The government intends to extend its close control of day-to-day activities of schools to include inspecting the education provided by home educating parents.
As wth much of government policy, the pretext given is reasonable – to make sure that children not going to school are given the same protection due from the Every Child Matters agenda. Some ministers seem to suspect that home education can be a cover for child abuse or forced marriage, even there is little evidence this is the case, and the main abuse story right now is the conviction of a worker at an Ofsted inspected nursery school.
But does this fear require an Ofsted inspection, with all the political encumberances and demands? School inspections long ago changed from a supportive overview from education experts to a dogma ridden tool of control.
Parents are entitled to educate their children however they wish, without state interference. They even have the right to make a complete hash of it, as many do from my experience of trying to teach their offspring when they have outgrown their home studies.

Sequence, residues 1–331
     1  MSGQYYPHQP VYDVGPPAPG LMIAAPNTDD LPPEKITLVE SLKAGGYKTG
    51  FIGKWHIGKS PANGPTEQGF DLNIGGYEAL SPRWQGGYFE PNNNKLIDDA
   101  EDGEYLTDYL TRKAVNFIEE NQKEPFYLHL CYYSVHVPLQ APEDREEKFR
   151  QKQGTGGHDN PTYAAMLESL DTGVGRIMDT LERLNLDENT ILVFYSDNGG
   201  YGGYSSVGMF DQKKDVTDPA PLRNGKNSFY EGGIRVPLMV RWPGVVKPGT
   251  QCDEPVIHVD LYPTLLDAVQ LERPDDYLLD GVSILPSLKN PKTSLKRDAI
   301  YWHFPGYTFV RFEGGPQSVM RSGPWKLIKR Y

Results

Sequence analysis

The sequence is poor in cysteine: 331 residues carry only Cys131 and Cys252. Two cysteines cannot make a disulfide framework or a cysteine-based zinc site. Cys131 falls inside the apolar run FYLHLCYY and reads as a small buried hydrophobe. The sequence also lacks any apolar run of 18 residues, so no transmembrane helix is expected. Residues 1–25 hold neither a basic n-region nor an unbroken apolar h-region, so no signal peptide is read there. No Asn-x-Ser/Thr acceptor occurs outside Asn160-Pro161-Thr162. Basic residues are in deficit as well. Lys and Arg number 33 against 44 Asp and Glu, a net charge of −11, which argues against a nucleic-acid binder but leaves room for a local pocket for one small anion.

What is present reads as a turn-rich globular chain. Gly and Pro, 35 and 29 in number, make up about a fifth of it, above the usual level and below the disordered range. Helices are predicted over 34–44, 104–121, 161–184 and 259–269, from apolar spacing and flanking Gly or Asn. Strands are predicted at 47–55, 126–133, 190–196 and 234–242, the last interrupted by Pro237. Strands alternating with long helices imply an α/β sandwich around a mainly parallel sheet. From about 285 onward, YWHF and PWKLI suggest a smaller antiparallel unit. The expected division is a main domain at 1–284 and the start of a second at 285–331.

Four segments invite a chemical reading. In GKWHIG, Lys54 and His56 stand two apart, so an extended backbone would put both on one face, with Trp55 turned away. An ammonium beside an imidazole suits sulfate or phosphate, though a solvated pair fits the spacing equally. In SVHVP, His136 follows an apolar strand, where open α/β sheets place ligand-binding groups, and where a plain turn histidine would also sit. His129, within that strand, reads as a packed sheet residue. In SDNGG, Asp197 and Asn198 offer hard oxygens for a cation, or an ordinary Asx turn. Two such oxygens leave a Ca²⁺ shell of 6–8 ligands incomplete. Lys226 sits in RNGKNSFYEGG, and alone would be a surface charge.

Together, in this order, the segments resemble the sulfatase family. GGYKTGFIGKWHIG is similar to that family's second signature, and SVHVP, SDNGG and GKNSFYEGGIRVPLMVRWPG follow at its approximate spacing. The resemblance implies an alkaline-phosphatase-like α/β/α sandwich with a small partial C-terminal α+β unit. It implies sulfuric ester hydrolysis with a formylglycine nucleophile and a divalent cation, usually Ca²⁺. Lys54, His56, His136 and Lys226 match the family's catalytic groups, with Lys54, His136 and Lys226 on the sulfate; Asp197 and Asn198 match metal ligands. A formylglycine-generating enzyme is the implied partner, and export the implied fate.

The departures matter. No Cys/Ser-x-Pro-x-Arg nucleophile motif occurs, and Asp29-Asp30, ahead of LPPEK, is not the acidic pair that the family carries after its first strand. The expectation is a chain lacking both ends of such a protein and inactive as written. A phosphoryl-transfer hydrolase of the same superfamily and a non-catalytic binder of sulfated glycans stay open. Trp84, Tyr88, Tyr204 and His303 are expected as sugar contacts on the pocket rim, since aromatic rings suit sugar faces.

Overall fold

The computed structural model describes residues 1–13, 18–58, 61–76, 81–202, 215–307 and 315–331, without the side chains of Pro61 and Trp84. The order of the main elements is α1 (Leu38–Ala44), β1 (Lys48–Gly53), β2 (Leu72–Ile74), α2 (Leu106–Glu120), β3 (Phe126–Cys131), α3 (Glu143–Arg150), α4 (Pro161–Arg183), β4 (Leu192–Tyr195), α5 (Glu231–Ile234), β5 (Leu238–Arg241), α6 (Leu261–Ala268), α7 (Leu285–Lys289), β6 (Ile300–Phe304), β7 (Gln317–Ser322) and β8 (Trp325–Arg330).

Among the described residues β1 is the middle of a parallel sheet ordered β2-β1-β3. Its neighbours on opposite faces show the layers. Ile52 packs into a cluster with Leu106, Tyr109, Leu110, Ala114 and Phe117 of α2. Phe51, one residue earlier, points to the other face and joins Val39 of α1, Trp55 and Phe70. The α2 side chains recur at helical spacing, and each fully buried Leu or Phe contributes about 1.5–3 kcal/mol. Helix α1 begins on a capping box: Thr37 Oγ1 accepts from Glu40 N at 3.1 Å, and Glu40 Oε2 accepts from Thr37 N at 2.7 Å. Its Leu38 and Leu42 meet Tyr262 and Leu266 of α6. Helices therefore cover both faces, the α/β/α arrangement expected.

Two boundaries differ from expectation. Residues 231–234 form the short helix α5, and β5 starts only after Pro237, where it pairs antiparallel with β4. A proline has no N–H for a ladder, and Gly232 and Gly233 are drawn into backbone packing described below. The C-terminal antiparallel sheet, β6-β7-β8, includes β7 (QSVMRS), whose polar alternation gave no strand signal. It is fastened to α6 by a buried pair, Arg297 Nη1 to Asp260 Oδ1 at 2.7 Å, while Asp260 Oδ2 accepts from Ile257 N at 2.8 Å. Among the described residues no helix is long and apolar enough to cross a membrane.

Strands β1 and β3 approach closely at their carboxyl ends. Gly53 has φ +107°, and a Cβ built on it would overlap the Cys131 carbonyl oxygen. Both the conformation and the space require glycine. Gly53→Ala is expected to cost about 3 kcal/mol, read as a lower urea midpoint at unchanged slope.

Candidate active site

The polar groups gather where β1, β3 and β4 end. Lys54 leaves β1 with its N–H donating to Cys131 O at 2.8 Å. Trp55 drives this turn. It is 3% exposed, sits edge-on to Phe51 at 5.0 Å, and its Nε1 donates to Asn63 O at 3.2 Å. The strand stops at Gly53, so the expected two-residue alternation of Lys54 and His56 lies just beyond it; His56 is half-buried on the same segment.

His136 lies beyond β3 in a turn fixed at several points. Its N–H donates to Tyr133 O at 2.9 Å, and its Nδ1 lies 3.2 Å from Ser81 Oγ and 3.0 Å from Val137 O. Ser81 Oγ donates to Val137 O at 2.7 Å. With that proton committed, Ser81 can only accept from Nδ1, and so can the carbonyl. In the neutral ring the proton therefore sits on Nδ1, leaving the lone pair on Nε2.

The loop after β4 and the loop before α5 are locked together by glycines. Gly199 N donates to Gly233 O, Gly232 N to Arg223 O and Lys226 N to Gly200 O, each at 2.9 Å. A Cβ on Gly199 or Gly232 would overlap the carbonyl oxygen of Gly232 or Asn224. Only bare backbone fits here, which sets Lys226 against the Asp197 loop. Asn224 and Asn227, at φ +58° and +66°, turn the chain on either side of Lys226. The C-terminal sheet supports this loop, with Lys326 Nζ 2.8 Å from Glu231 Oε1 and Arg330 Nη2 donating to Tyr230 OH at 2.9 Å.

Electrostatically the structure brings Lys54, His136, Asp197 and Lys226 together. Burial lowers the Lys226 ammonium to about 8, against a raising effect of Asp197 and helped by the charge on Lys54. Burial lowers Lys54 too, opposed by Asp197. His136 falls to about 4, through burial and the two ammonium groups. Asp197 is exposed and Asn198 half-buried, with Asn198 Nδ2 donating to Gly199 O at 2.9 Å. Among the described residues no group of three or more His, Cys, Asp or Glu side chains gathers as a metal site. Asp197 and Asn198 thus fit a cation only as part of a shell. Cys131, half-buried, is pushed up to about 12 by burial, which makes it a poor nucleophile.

Ofsted will pressurise and threaten parents as they do with schools, and the role will inevitable evolve to demand specific activities and curricula. Several European countries have already banned home schooling, and inspections would be the first step to declaring that the rights of children to a decent education are being violated.
Councils are already responsible for ensuring that children taken out of schools are receiving an education – the switch to using Ofsted will be the beginning of the end of the right for parents to educate their children as they see fit.